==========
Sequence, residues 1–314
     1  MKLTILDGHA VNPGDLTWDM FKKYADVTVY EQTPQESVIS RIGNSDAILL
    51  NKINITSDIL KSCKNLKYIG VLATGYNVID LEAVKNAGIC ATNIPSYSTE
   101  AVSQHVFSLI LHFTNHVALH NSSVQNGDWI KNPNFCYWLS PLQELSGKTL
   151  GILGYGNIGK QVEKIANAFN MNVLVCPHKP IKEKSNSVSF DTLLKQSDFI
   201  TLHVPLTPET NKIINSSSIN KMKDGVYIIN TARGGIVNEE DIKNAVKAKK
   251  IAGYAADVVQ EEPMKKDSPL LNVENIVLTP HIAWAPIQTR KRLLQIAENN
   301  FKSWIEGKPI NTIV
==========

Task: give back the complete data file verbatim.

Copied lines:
Sequence, residues 1–314
     1  MKLTILDGHA VNPGDLTWDM FKKYADVTVY EQTPQESVIS RIGNSDAILL
    51  NKINITSDIL KSCKNLKYIG VLATGYNVID LEAVKNAGIC ATNIPSYSTE
   101  AVSQHVFSLI LHFTNHVALH NSSVQNGDWI KNPNFCYWLS PLQELSGKTL
   151  GILGYGNIGK QVEKIANAFN MNVLVCPHKP IKEKSNSVSF DTLLKQSDFI
   201  TLHVPLTPET NKIINSSSIN KMKDGVYIIN TARGGIVNEE DIKNAVKAKK
   251  IAGYAADVVQ EEPMKKDSPL LNVENIVLTP HIAWAPIQTR KRLLQIAENN
   301  FKSWIEGKPI NTIV